First Drive: 2011 Chevrolet Cruze

For a long, long time, it seemed that domestic automakers gave scant concern to compact cars, instead focusing their resources and energy on higher-margin vehicles like pickups, SUVs, crossovers, and big cars. Recently, however, spurred by escalating CAFE standards and shifting buyer preferences, American automakers (well, Ford and General Motors, at least) once again professed their dedication to building small that cars buyers will actually want.

One of the first is the Chevrolet Cruze. Granted, that may sound outrageous given the car's ignominious bloodline (Cobalt, Cavalier, Chevette, Vega, Corvair). One thing that helps is that the Cruze in not just an American offering: it launched more than a year ago in Europe, followed by rollouts in Korea and China, and this fall comes to North America as well as Eastern Europe and South America. It will be sold in 270 countries in all, and in most of those places, a car of this size is a much more esteemed machine than has been the case here.

Although a global vehicle, the Cruze is customized for each region. For instance, one North American exclusive is the volume engine, a 1.4-liter turbocharged four-cylinder. (A 136-hp, 1.8-liter normally aspirated four-cylinder powers the base LS sedan.) Developed in Europe and first seen in the Opel Astra, the 1.4-liter's output, 138 hp and 148 lb-ft of torque, is actually a bit less than the outgoing Cobalt's 2.2-liter unit. But this turbo has the drivability of a much larger engine. Peak torque is available from only 1850 rpm, so you rarely have to wring it out (Chevrolet estimates a 0-to-60-mph time of 9.1 seconds). Throttle response isn't exactly eager, but the turbo comes on stream quickly and the boost is seamlessly integrated. In all but the Eco model, the 1.4-liter is paired with a six-speed automatic transmission. This gearbox is extremely well mannered; you see shifts in the movement of the tach needle more than you hear or feel them. Move the lever into the manual gate for manual shifts; there are no paddles.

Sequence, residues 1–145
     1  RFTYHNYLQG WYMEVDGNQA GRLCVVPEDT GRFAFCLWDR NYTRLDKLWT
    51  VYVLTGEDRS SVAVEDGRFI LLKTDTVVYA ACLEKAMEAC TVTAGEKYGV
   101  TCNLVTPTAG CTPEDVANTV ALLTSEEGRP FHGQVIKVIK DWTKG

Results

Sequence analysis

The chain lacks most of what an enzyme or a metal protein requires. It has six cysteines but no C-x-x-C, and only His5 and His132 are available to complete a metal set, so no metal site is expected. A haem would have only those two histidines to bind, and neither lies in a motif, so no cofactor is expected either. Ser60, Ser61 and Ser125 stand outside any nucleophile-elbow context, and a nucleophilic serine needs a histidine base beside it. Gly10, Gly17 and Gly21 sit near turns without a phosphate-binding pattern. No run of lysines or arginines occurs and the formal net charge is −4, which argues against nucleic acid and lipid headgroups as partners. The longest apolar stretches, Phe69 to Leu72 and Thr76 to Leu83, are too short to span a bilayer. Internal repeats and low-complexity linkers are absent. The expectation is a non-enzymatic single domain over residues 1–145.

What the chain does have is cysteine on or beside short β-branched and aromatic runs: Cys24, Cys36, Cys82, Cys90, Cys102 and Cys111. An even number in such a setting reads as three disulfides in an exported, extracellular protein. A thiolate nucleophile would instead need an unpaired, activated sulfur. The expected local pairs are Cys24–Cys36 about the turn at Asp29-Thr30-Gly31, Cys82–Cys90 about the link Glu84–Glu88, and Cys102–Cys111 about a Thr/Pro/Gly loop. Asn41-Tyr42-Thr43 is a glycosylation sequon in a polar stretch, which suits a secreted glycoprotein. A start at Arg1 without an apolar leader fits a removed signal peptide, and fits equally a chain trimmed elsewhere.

The Eco model additionally offers the 1.4-liter with a six-speed manual (that combo likely will be more widely available next year). The Eco version sheds a few pounds with lighter-weight components (rear suspension pieces, wheels) and options restrictions. It also benefits from low-rolling-resistance tires and aerodynamic aids. EPA figures aren't yet in for the Cruze, and Chevrolet is unwilling to provide its own estimates. It makes one exception, though, predicting that the Eco with the manual will get 40 mpg on the highway-which is a real accomplishment for a car of this size.

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There is no advantage to bring a small, turbocharged, overstressed tiny engine to the US, we do't tax cars by the engine size. I bigger, slower and under-stressed engine with good torque is more economical and lasts longer for the user. We don't just pay for gas, we pay for the car too.But it is academic, I would never buy anything from Government Motors, for robbing the people (stockholders, bondholders and taxpayers) three times and squandering it all! GM is run by subpar and careless idiots and the union is a tragic disaster, run by even less competent zealots.
And I thought the Focus was expensive.

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